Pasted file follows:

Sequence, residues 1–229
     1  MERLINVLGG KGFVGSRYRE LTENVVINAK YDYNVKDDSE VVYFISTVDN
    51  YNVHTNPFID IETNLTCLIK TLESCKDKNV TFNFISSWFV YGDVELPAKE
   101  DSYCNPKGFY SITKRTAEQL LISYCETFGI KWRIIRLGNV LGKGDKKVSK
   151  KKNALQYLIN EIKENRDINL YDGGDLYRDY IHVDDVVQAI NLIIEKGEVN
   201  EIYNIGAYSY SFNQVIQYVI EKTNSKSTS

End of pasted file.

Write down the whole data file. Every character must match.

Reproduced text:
Sequence, residues 1–229
     1  MERLINVLGG KGFVGSRYRE LTENVVINAK YDYNVKDDSE VVYFISTVDN
    51  YNVHTNPFID IETNLTCLIK TLESCKDKNV TFNFISSWFV YGDVELPAKE
   101  DSYCNPKGFY SITKRTAEQL LISYCETFGI KWRIIRLGNV LGKGDKKVSK
   151  KKNALQYLIN EIKENRDINL YDGGDLYRDY IHVDDVVQAI NLIIEKGEVN
   201  EIYNIGAYSY SFNQVIQYVI EKTNSKSTS